Modality (human–computer interaction)
In the context of human–computer interaction, a modality is the classification of a single independent channel of sensory input/output between a computer and a human. A system is designated unimodal if it has only one modality implemented, and multimodal if it has more than one. When multiple modalities are available for some tasks or aspects of a task, the system is said to have overlapping modalities. If multiple modalities are available for a task, the system is said to have redundant modalities. Multiple modalities can be used in combination to provide complementary methods that may be redundant but convey information more effectively. Modalities can be generally defined in two forms: human-computer and computer-human modalities.
Computers utilize a wide range of technologies to communicate and send information to humans:
- Common modalities
- Uncommon modalities
- Gustation (taste)
- Olfaction (smell)
- Thermoception (heat)
- Nociception (pain)
- Equilibrioception (balance)
Any human sense can be used as a computer to human modality. However, the modalities of seeing and hearing are the most commonly employed since they are capable of transmitting information at a higher speed than other modalities, 250 to 300 and 150 to 160 words per minute, respectively. Though not commonly implemented as computer-human modality, tactition can achieve an average of 125 wpm through the use of a refreshable Braille display. Other more common forms of tactition are smartphone and game controller vibrations.
Computers can be equipped with various types of input devices and sensors to allow them to receive information from humans. Common input devices are often interchangeable if they have a standardized method of communication with the computer and afford practical adjustments to the user. Certain modalities can provide a richer interaction depending on the context, and having options for implementation allows for more robust systems.
- Simple modalities
- Complex modalities
With the increasing popularity of smartphones, the general public are becoming more comfortable with the more complex modalities. Speech recognition was a major selling point of the iPhone 4S and following Apple products, with the introduction of Siri.
Using multiple modalities
Having multiple modalities in a system gives more affordance to users and can contribute to a more robust system. Having more also allows for greater accessibility for users who work more effectively with certain modalities. Multiple modalities can be used as backup when certain forms of communication are not possible. This is especially true in the case of redundant modalities in which two or more modalities are used to communicate the same information. Certain combinations of modalities can add to the expression of a computer-human or human-computer interaction because the modalities each may be more effective at expressing one form or aspect of information than others.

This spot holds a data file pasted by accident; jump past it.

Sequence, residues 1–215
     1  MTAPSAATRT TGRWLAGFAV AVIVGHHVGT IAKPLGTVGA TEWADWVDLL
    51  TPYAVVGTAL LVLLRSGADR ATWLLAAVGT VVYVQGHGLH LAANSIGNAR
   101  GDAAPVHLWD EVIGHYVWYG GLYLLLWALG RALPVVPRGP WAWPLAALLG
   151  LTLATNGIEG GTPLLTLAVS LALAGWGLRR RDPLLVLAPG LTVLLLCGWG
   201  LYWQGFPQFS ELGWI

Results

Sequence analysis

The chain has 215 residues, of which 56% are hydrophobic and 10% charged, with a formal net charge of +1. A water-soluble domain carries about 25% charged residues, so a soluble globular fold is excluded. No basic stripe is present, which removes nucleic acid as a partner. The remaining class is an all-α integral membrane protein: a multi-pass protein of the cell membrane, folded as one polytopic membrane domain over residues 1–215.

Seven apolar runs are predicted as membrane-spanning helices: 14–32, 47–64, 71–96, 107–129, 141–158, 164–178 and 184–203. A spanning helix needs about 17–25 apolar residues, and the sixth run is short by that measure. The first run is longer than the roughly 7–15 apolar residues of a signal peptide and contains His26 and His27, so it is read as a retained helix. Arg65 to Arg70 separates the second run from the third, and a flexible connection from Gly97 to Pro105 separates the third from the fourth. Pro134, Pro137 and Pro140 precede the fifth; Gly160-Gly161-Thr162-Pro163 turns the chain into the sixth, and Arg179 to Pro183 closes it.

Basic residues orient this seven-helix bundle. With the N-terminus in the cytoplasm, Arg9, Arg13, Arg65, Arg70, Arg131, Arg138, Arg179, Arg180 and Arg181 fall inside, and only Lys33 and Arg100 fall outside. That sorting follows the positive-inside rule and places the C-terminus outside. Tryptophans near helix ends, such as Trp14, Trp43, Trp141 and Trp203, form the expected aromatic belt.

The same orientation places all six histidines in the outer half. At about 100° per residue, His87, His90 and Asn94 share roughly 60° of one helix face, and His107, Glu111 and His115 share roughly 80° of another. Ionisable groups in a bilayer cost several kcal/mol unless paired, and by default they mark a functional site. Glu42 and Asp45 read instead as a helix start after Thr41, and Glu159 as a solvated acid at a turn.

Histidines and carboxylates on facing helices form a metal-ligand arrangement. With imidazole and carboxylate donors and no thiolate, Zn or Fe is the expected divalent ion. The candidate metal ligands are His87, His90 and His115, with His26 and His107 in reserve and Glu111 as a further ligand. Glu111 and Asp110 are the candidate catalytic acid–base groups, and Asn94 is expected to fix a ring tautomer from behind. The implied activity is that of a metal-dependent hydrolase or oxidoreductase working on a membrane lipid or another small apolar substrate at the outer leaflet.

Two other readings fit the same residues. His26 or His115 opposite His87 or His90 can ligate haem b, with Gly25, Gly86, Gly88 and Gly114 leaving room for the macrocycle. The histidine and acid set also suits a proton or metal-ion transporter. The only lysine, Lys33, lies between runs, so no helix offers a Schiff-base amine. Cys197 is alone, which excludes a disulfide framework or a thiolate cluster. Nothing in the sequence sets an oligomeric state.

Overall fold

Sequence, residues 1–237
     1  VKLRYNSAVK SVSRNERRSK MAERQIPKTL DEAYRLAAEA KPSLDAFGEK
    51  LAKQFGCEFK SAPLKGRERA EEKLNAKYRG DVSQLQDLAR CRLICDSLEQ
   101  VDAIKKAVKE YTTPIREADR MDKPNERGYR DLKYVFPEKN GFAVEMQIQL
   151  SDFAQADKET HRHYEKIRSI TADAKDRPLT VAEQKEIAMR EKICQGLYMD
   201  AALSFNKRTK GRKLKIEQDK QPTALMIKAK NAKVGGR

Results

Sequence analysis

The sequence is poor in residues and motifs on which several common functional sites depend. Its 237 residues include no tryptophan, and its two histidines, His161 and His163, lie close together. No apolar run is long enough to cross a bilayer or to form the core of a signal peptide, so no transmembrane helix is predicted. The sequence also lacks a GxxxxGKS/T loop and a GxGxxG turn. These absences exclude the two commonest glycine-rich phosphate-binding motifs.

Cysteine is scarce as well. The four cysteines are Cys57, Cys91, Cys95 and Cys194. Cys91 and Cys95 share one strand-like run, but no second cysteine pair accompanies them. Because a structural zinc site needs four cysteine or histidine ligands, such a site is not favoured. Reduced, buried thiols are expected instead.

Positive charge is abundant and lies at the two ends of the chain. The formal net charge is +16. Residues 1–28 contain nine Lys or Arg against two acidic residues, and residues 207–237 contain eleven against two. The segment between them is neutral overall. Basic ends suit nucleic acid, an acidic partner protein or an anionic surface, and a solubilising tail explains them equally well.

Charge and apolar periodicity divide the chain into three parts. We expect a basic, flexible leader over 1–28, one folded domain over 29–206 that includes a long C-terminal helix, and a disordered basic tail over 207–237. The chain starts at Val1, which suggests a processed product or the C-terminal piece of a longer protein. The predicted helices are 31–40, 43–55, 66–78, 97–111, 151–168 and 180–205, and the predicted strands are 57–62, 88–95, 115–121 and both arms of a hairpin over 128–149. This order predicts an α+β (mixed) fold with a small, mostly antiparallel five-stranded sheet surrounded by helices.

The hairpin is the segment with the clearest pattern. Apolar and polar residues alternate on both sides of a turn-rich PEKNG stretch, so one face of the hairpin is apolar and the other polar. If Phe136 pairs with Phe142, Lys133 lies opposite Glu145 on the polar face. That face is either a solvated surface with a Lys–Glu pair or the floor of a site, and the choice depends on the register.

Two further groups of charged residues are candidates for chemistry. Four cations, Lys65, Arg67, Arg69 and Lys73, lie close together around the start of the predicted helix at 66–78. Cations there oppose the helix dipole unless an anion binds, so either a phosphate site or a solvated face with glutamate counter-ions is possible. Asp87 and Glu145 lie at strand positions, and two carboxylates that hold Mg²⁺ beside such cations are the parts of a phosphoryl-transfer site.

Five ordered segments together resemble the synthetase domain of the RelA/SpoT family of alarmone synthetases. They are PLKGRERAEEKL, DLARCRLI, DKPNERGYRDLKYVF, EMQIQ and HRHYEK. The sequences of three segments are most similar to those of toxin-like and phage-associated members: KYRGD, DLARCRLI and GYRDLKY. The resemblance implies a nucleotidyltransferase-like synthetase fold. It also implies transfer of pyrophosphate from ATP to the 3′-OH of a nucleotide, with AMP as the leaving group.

There are six types of cooperation between modalities, and they help define how a combination or fusion of modalities work together to convey information more effectively.
- Equivalence: information is presented in multiple ways and can be interpreted as the same information
- Specialization: when a specific kind of information is always processed through the same modality
- Redundancy: multiple modalities process the same information
- Complementarity: multiple modalities take separate information and merge it
- Transfer: a modality produces information that another modality consumes
- Concurrency: multiple modalities take in separate information that is not merged
Complementary-redundant systems are those which have multiple sensors to form one understanding or dataset, and the more effectively the information can be combined without duplicating data, the more effectively the modalities cooperate. Having multiple modalities for communication is common, particularly in smartphones, and often their implementations work together towards the same goal, for example gyroscopes and accelerometers working together to track movement.
- Multimodal interaction – form of human-machine interaction using multiple modes of input/output
- Multimodal learning – Machine learning methods using multiple input modalities
- Multisensory integration – Study of senses and nervous system
- User interface – Means by which a user interacts with and controls a machine
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